I heard that if the Trust pays the taxes on the profits earned, then when it is dispersed, it is not taxed again. Is this true? We don’t want any issues with the IRS.
Ah well, this indicates that you have not read the trust eBook. The seriousness, sincerity, and thoroughness of your questions show that you are determined to create a perfect arrangement . . . and so if you are that dedicated and that determined, you should at least take a few hours and read the eBook. It is available in the trust section of the website for download as a pdf.
You will not have any issues with the IRS (and for clients in other countries, this applies to your tax agencies too) if you understand the Natural Law Trust (NLT) correctly and if you set it up and operate it correctly. One of the biggest mistakes you could make is to get a Natural Law Trust and engage even in one communication with the IRS about it. The only exception is the application for the EIN, which is for banking purposes only. So the IRS will know of the existence of the name, and one or two facts, but nothing more. Most of the information about who the officers are, what the assets are, and what is being done with them, is unavailable to the IRS and is never disclosed to them.
So whatever you have heard, did not apply to the NLT. It must have been some other trust you were referring to. The NLT has no paying or filing requirements, as clearly explained in the eBook. “The only rights you have, are the rights you know you have.” Let that sink in until it is crystal clear.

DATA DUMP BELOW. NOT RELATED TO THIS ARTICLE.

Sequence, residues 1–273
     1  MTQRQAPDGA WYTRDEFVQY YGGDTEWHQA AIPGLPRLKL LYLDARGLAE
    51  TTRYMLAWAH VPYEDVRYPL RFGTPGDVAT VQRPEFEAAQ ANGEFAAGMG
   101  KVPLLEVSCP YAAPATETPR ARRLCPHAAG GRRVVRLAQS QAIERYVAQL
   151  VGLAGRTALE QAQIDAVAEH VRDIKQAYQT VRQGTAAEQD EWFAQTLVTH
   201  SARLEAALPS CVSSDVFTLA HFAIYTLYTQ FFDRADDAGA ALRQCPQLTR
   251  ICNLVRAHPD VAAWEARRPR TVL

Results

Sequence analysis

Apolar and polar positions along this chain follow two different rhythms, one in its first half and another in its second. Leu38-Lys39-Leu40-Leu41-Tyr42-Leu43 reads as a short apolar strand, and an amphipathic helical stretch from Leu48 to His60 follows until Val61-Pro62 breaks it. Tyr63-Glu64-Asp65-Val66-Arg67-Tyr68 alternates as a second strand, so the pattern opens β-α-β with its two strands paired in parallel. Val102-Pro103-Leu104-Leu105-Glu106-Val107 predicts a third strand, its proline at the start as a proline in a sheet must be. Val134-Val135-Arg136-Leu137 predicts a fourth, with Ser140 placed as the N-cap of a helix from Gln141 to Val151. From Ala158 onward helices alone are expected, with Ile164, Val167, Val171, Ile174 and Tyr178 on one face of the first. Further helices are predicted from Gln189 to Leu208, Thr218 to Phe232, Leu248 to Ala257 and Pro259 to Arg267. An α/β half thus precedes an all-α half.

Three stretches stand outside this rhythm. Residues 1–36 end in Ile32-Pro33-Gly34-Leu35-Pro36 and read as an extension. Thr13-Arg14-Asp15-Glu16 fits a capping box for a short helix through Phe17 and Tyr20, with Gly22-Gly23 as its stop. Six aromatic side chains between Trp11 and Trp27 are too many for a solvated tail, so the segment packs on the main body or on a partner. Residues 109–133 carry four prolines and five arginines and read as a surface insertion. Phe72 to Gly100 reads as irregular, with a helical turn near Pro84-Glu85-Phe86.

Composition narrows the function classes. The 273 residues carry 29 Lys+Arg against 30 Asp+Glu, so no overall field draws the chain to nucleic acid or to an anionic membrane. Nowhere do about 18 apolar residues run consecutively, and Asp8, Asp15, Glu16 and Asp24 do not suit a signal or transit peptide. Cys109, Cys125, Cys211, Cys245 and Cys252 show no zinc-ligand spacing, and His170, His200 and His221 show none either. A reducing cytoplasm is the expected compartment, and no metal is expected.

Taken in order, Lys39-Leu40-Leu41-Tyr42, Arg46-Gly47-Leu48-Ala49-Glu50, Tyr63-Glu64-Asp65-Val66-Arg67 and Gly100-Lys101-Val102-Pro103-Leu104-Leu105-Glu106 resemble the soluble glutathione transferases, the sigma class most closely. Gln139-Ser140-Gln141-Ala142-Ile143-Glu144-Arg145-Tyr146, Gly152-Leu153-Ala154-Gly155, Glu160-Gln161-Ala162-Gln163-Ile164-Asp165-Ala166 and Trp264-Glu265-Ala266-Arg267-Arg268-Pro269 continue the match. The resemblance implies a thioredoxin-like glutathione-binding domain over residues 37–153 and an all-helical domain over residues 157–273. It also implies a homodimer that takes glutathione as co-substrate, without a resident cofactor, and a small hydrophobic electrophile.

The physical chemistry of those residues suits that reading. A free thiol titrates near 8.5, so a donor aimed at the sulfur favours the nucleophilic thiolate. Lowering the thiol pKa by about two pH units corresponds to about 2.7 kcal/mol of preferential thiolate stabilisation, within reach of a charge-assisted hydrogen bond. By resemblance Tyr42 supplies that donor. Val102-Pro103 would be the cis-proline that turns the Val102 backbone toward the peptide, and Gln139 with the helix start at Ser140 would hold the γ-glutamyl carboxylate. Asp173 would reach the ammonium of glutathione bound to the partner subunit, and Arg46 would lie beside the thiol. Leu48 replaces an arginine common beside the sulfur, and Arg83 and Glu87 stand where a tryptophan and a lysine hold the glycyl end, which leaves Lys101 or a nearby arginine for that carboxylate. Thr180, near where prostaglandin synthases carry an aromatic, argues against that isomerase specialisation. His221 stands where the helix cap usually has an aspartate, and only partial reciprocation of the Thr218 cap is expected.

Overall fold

If you were to file a return for an NLT and pay, even once, then you are stuck with that relationship for the rest of the life of the trust. Observe this truth and guide your actions accordingly.
Again, read the eBook, and especially read the tax section and the FAQs. Then hopefully both your confusion and your worries will completely evaporate. We’ve been involved with these trusts since the 1980s, so we have over three decades of proven experience, with thousands of clients. Not one single problem with the IRS has occurred, ever, with any of these trusts – – but again, on the condition that the client using and operating the trust understands the trust’s right to privacy – – and operates it accordingly. The good news is, “operating it accordingly” is actually about 100 times easier than operating it in compliance with the overwhelming myriad of statutory regulations and tax rules.
[The preceding Q&A were published in the 10-04-18 and the 11-02-18 BIC newsletters]